Maybe its only because of the relatively truncated period in which the post-dubstep poster boys of Mount Kimbie released their debut and sophomore EPs, Maybes and Sketch on Glass, followed by last year’s defining Crooks and Lovers LP, but it oddly feels like new material from the duo is a little overdue. Unfortunately, those who have been patiently waiting for new gems to surface may only be partially satisfied, as the Carbonated EP—­consisting of the title track (taken from the duo’s aforementioned full-length), two previously unreleased cuts, and three remixes—is merely a glimpse into Mount Kimbie’s not-so-distant past and the group’s circle of musical comrades.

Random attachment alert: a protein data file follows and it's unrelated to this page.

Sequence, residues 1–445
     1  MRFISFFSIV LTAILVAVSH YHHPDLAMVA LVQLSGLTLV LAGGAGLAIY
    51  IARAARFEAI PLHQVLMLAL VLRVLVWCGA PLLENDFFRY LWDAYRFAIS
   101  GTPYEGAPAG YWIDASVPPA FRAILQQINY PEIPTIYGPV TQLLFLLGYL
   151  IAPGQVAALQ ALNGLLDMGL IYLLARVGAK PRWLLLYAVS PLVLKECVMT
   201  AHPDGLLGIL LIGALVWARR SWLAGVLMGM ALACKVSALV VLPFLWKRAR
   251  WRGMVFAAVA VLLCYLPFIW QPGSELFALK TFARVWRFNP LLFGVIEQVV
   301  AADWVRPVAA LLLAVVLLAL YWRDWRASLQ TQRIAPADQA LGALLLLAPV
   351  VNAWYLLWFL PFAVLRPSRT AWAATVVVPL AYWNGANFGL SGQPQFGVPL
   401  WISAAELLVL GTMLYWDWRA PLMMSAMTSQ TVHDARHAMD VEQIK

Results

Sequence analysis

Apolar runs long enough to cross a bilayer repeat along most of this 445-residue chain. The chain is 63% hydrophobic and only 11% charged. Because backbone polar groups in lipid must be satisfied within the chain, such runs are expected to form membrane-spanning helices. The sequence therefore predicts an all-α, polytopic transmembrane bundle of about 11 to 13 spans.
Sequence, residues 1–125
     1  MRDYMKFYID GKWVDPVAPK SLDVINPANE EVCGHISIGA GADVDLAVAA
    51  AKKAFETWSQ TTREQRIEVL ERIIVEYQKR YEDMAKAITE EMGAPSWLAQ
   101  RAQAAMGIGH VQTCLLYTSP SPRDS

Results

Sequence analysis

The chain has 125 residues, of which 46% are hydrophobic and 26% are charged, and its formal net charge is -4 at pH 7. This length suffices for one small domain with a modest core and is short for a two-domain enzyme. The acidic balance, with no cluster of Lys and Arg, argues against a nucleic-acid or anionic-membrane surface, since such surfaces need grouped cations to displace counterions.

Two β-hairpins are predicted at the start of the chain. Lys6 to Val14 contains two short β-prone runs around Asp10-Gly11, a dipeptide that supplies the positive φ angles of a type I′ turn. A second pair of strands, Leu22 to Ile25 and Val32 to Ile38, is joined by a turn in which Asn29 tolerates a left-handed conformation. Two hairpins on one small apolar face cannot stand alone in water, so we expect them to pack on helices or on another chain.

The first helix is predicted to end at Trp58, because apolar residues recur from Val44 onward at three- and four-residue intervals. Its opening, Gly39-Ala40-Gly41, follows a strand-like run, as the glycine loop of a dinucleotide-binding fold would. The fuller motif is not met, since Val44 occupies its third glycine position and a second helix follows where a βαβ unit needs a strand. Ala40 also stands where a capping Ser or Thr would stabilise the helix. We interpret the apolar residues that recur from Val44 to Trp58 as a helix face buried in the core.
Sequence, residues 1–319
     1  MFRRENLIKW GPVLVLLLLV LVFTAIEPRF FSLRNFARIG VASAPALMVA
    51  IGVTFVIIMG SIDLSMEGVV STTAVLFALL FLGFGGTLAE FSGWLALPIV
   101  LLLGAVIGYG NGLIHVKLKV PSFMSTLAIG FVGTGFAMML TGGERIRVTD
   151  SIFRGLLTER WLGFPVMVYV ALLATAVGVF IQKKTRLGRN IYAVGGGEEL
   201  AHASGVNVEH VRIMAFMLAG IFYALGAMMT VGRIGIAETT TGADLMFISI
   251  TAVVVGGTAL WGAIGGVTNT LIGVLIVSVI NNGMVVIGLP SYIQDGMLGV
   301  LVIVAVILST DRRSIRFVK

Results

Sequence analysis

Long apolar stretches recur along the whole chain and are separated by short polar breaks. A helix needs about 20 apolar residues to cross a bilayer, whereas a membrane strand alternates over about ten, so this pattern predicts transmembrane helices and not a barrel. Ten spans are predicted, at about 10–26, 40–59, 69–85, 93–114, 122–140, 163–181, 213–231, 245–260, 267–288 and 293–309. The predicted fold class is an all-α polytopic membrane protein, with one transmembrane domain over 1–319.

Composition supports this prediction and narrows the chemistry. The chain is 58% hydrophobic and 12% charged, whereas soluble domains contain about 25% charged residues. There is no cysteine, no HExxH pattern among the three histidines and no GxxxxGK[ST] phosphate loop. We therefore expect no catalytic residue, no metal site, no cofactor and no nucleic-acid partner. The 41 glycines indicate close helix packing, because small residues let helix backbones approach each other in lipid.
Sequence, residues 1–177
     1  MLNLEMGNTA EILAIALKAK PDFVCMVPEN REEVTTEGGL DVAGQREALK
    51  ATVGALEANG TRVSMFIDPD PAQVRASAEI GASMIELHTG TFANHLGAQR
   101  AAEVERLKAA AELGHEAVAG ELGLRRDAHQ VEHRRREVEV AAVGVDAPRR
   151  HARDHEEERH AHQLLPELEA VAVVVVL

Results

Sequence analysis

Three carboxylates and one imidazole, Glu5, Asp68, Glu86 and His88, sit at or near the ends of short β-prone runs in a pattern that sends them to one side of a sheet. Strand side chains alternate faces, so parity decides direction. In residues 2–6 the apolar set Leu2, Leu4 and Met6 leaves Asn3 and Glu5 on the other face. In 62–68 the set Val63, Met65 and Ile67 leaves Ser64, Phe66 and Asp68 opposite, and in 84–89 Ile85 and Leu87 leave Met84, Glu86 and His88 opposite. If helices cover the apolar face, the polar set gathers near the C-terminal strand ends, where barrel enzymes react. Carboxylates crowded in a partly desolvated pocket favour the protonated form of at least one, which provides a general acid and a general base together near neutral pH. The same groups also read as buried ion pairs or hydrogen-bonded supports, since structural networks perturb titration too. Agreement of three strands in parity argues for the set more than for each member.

Even a year after is original release, “Carbonated,” the EP’s opening track, still stands as an incredibly impressive piece of UK beat craftsmanship, so much so that it outshines the rest of the tracks to follow. “Flux” and “Bave’s Chords” are the two previously unreleased pieces, and, although not without their shining moments, both feel a bit unfinished when compared to the staggering richness that has come to characterize Mount Kimbie’s sound. As for the remixers, all three take a different approach to their respective tasks, with fellow UK resident Klaus turning another LP cut, “Adriatic,” into a ghostly, five-minute expedition and Airhead rearranging “Carbonated” into a steady, brooding head-nodder. But it is Peter van Hosen who takes the title track out the furthest, rendering the original elements almost unrecognizable before mangling them into a crunchy piece of percolating, distorted house. Carbonated may not be exactly what the legions of devoted Mount Kimbie fans have been pining for, but music with such intricately weaved details surely takes time, and this EP proves to be a welcome stopgap to help hold us over.